International markets will drive Elizabeth Arden growth

By Katie Bird

- Last updated on GMT

Related tags: Elizabeth arden, Elizabeth arden brand, Income, Revenue

Future growth for Elizabeth Arden will be driven by international
markets that currently make up less than half of the company's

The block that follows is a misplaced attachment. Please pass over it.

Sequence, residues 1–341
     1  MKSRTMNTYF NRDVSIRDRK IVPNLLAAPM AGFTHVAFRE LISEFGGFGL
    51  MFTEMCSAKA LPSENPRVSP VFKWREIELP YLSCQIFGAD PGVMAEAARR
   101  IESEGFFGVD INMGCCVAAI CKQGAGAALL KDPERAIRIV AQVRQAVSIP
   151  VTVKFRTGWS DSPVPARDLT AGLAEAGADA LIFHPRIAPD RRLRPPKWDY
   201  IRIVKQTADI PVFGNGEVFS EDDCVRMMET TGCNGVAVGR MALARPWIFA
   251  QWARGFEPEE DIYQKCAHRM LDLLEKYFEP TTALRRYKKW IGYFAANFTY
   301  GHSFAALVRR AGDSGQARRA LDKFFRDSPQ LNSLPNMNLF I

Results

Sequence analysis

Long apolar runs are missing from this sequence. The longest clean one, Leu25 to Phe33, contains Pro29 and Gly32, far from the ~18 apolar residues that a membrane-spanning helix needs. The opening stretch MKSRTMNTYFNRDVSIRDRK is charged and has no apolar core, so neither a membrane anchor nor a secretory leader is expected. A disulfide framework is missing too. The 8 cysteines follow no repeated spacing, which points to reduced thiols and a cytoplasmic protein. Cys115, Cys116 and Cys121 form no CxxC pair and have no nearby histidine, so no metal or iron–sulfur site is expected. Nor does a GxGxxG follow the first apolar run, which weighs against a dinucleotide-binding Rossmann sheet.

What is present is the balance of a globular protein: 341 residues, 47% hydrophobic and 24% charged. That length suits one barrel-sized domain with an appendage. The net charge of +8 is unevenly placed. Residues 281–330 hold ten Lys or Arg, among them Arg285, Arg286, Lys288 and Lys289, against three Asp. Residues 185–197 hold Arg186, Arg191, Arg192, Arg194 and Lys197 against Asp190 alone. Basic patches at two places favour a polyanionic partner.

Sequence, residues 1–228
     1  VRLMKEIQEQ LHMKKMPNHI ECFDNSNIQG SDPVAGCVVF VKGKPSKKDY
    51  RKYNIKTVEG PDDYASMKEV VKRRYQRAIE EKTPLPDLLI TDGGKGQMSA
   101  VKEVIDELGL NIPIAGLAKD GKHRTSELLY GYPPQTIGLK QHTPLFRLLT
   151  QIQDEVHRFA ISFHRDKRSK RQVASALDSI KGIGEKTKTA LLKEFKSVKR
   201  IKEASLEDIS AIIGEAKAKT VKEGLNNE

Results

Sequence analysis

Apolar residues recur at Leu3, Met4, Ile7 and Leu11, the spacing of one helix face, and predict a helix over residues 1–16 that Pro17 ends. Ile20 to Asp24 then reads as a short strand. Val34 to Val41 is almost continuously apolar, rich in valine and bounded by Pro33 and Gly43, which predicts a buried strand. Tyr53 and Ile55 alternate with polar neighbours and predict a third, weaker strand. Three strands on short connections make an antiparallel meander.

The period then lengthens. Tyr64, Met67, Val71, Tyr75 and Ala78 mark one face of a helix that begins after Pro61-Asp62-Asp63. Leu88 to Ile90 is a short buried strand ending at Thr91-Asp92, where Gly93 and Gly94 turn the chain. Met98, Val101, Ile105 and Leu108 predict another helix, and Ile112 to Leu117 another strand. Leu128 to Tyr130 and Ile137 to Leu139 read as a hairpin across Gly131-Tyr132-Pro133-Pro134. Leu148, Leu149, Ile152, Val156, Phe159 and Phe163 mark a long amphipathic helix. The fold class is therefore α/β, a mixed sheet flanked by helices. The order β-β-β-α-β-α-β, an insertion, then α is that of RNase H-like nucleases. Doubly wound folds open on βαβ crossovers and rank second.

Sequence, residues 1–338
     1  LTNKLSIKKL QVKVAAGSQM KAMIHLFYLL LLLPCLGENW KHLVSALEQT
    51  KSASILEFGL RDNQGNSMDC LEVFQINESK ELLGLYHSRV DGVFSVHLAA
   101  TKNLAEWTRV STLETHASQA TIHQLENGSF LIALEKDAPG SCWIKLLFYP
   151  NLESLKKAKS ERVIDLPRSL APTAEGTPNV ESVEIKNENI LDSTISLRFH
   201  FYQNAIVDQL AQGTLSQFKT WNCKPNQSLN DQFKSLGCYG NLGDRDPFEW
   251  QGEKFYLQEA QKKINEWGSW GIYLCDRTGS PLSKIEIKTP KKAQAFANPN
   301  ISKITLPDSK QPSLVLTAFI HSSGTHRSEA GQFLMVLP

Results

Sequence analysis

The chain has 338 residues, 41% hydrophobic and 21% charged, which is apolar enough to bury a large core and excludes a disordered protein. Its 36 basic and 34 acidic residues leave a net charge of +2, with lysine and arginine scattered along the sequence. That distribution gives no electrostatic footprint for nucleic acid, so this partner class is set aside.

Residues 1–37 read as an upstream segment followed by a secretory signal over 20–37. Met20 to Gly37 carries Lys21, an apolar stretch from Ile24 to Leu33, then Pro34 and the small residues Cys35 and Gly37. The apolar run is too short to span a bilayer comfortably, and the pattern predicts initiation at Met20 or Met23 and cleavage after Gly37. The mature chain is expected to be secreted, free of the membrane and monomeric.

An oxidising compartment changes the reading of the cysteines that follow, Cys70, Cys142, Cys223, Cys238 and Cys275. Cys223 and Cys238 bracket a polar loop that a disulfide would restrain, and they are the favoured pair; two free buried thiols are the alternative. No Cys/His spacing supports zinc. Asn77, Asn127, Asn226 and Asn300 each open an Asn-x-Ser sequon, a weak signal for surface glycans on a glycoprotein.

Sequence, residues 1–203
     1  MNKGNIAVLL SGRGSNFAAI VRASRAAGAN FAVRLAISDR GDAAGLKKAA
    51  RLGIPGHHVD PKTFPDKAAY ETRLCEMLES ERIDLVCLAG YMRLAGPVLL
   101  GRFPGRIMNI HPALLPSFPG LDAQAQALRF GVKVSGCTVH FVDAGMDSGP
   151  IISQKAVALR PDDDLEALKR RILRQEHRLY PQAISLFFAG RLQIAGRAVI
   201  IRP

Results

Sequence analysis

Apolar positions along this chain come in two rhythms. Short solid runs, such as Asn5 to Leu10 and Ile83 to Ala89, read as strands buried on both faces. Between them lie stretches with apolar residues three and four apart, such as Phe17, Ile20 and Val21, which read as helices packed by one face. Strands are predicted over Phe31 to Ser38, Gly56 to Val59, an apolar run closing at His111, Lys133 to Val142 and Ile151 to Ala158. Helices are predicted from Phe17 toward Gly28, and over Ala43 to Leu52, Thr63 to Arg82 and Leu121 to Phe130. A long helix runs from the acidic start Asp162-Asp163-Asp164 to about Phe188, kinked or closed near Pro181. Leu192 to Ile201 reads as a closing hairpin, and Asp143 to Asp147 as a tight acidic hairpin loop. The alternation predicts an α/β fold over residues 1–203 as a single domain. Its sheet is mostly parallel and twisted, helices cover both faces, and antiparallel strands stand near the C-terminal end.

At the Wachovia Nantucket Equity conference, CEO Scott Beattie said the company was looking to expand its international presence and hoped to take the Elizabeth Arden brand above the billion dollar brand. Focus on international fragrances ​ Currently 60 percent of the company's business is US-based and a significant proportion of this comes from the distribution of fragrances in the mass market retail channel, said Beattie. However, according to the head of the cosmetics giant, growth in the next ten years will be driven by international markets, which are less saturated and stronger than the US. Latin America, Eastern Europe and the Middle East are the leaders of the fragrance pack, he said, adding that Asia is not such a strong market at present. Furthermore, Beattie highlighted the company's aim to expand its signature brand. Signature brand should be one of top ten ​ At present the Elizabeth Arden brand brings in about $600m annually, approximately 25 per cent of the company's yearly sales turnover. Referring to its international presence Beattie said: "The Elizabeth Arden brand is bigger than the business, this is a gap we want to close." According to Beattie, the brand should be bringing in more than a billion dollars annually and be one of the top ten global brands in terms of size. Unlike the market for fragrances, it is the Asia-Pacific region that holds significant potential for growth and the company has recently opened an office in Shanghai in order to further exploit this market. Liz Caliborne deal will improve margins ​During the presentation, financial senior vice president Marcey Becker was questioned over the recent Liz Claiborne deal that gives the company ownership of a brand they have previously distributed. Although the effect the deal is expected to have on earnings and revenue will be published in August, Becker did say that the acquisition should improve the company's gross margins in 2009 and 2010. Before the company took ownership of the brand, it had acted as a distributor, buying finished products from Liz Claiborne and therefore incurring higher costs. The acquisition of the brand will increase the percentage of the company's fragrance business that is owned in comparison to that which it distributes thereby improving margins. Beattie added that the sales revenue of the Liz Claiborne business at the time of the transaction was $250m, although Elizabeth Arden was already seeing $70m of this through its distribution agreement.

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